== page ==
Method: For my report on the “How Not to Read a Novel/Narrative,” my original texts (as you can see below), were Kate Chopin’s The Awakening and Lewis Carroll’s Alice in Wonderland. Considering the instructions were to upload 5 texts to create a corpus, I decided to replace Alice in Wonderland, in order to have some consistency and similarities across the remaining 4 texts. The goal and idea was to keep these novels within the 19th century along with choosing novels that had strong female protagonists. With that said, I will be looking at the following novels by uploading them to Voyant tools and Ngram, in order to establish trends and patterns while commenting on the outcomes:
- Pride & Prejudice – Jane Austen (1813)
- The Scarlet Letter – Nathaniel Hawthorne (1850)
- The Woman in White – Wilkie Collins (1860)
- Little Women – Louisa May Alcott (1868)
- The Awakening – Kate Chopin (1899)
Process: I began with first looking at only The Awakening, which I believe my intention was to see how the main character was viewed, and/or what type of language was used towards describing her identity in the world. Edna (main character) is striving for personal freedom and is wanting to break from traditional norms and the monotony of everyday life, while living in an era that viewed woman objectively.
As we can see above we have words such as: “house” “good” “children” “husband” “dinner” which would seem appropriate in a time when a conventional family unit was praised and was expected of by individuals. But then we have words such as: “eyes” “hand” “head” “little” used to describe her characteristics as a woman. This is not so out of the ordinary; however, when I input all 5 texts together the corpus showed similar words used to describe the female protagonists/characters.
What I found interesting is that since all these texts have the female characters trying to break or fracture traditional norms, the words “heart” “life” and “love” are not that commonly used. It seems the words to describe the female characters is suggestive of objectification, in this sense, using words like “eyes” “hand” “face” “young” “woman” we are only getting an idea of the physical attributes of the characters rather than getting an idea of their mentality.
Next I wanted to explore finding trends within all texts using words that I chose to describe the “journey” of one’s self-actualization. Again, these female characters are trying to break traditional conventions, so I wanted to see if there were trends within the following words: “self” “journey” “travel” “courage” and “curious.”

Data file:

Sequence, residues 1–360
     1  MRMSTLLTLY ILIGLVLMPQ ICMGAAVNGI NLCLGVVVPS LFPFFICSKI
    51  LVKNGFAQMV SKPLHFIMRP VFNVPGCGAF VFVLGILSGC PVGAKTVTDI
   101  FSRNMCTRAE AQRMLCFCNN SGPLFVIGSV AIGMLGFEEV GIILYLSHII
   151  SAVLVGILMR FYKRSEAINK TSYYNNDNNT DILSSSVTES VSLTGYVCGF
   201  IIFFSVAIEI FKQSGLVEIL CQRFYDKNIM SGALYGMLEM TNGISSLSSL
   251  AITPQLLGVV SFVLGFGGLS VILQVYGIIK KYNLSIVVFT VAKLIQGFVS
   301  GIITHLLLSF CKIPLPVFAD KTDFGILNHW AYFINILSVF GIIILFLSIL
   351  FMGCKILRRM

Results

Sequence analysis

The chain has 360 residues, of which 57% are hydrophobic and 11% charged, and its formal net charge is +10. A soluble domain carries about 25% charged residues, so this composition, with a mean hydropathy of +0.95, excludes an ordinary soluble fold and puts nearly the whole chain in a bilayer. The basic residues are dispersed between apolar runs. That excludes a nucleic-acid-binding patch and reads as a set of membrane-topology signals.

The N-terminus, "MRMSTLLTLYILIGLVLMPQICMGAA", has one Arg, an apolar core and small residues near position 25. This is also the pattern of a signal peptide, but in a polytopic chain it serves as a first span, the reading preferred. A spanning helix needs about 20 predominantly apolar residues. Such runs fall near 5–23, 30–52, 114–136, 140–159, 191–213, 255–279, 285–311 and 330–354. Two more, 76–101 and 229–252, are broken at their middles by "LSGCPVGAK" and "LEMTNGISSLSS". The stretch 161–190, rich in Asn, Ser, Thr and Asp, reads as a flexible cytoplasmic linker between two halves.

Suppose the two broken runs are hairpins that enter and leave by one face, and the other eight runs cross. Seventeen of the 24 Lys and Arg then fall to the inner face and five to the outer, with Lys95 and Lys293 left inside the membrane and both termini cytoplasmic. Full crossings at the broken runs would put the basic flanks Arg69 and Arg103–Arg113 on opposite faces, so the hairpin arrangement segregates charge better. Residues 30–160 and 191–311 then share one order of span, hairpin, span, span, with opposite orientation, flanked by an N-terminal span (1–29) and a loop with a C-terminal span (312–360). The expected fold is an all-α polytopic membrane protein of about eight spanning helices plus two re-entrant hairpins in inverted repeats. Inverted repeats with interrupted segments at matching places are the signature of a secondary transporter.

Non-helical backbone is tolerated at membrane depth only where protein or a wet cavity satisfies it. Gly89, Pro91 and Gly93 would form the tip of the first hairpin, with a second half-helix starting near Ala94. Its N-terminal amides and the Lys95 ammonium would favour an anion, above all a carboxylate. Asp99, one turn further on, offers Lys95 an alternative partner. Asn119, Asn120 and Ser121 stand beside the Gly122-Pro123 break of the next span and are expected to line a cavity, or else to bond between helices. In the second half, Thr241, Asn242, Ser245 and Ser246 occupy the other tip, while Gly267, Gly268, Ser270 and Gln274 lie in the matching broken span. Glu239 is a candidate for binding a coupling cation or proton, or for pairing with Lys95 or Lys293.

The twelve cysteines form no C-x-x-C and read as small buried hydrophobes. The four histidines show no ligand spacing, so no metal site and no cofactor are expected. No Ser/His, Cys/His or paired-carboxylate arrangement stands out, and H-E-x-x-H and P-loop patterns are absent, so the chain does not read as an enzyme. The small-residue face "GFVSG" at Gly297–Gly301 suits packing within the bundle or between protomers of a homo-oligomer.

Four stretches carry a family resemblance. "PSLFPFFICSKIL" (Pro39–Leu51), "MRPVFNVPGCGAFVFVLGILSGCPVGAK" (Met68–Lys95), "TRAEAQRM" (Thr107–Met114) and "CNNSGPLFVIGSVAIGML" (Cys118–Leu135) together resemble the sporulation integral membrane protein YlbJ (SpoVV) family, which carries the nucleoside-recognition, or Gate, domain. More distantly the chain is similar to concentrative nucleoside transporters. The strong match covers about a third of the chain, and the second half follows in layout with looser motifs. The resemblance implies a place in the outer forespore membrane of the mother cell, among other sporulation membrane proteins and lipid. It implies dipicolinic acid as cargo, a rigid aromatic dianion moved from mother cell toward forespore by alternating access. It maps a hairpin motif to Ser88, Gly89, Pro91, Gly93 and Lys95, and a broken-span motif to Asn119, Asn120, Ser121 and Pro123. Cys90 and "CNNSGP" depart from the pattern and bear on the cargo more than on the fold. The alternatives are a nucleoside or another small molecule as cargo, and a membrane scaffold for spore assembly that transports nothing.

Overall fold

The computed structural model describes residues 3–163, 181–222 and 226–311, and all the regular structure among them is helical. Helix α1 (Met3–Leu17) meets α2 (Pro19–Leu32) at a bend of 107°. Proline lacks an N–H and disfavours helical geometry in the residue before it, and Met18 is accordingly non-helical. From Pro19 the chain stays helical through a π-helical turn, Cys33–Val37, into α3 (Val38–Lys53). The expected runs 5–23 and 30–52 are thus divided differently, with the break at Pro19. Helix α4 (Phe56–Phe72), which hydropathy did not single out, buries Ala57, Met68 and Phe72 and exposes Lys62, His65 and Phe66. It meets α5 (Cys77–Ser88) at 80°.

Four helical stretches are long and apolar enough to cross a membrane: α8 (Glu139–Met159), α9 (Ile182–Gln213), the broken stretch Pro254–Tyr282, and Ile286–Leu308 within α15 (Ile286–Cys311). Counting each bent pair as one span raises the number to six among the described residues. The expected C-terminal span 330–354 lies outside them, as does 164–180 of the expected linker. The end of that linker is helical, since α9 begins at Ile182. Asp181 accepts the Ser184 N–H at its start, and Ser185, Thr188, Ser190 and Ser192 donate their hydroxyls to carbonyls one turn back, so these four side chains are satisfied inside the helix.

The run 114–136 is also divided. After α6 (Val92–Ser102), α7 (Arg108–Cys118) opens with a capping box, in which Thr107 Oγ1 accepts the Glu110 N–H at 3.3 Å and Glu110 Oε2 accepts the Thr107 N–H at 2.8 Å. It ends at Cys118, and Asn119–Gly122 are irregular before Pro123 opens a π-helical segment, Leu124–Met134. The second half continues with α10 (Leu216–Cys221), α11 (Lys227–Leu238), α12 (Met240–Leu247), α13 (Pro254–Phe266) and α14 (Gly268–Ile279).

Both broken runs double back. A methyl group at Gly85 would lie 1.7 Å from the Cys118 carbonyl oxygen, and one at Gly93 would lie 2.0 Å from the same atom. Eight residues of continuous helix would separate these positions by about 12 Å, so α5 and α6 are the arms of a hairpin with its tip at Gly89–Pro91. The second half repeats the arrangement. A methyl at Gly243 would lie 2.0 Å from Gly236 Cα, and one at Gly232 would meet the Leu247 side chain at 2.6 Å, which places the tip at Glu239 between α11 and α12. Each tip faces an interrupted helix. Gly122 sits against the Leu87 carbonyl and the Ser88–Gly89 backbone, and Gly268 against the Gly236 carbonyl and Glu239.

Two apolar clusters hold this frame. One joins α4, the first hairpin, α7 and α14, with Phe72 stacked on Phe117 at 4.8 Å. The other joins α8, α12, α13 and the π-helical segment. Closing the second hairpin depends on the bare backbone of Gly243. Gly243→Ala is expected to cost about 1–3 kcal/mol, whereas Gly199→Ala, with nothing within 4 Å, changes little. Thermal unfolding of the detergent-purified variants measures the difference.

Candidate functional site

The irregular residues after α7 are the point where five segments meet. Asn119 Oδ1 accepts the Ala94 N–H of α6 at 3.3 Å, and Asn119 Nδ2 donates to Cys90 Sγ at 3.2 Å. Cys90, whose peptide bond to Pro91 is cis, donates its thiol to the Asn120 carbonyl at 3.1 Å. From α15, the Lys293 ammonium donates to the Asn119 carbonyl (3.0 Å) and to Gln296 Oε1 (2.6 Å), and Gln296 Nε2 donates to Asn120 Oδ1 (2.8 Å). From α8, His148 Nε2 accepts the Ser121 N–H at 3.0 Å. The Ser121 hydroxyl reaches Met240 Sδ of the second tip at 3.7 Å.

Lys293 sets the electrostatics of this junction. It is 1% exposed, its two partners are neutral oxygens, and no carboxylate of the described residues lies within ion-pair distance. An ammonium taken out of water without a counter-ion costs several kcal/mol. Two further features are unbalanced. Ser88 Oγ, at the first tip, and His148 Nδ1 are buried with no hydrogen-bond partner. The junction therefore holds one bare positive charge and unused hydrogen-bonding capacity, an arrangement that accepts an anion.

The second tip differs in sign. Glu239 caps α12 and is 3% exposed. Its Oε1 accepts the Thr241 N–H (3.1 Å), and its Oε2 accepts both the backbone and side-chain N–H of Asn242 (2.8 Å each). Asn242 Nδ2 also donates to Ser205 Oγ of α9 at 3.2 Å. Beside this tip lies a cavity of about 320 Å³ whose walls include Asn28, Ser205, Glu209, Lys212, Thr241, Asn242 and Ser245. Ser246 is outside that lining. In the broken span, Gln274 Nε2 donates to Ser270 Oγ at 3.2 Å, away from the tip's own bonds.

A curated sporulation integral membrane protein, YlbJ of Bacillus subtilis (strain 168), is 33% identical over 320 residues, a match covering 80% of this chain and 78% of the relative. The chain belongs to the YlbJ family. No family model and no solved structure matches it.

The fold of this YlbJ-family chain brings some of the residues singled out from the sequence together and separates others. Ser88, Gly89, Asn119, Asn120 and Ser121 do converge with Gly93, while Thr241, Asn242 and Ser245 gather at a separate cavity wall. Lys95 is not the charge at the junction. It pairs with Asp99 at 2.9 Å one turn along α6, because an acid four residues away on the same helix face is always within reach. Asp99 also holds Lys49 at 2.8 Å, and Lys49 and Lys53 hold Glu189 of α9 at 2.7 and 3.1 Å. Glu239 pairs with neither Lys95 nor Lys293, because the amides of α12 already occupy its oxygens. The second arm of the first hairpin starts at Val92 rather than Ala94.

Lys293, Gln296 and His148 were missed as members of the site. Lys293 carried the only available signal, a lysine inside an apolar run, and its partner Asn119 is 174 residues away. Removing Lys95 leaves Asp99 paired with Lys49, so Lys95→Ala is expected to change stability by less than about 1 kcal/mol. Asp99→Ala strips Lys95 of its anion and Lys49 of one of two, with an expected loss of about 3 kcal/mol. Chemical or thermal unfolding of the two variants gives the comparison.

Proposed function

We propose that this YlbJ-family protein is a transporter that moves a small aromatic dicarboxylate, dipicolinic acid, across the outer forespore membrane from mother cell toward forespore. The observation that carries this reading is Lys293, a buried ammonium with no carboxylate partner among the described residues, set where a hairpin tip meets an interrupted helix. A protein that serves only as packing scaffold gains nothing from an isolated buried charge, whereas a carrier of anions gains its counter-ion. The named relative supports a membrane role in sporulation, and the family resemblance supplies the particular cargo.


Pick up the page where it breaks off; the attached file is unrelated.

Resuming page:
It’s fascinating that the word “self” seems to be isolated from the steps one would need to take in order to reach some form of self-contentment or understanding. Maybe the idea of ‘self’ was taboo in the 19th century? This would make perfect sense in a century where your identity and agency was dependent of your social status and monetary value.
For Google’s Ngram:
As you can see the word “self” is isolated. I find this fascinating since the idea of ‘self’ does not seem to fit in this time period. There seems to be some want to break from these conventions, but they seem minimal.
Another realization that I came to was the lack of sufficient mentioning of religious institutions throughout all 5 texts, which seems somewhat odd. Maybe the authors were trying to claim something negative about religion and its pressure on conventional societies? Something to think about…
Next, I wanted to look at terms describing marriage and it’s sanctity. The role of marriage seems to be very prevalent within the Victorian era of the 19th century. Usually your own identity and agency was dependent on.
I wanted to see what these words looked like in Google’s NGram as well:
I find it so interesting that the idea of being “in love” seems to be quite foreign. It’s not that it’s surprising in an era where marriage was more of a social status, but living in the 21st century, I find it sad and appalling that love does not seem to be a motivating factor when spending X amount of years with another person. I suppose if money is the main factor, then the idea of ‘love’ may have been a different concept or have a whole different meaning.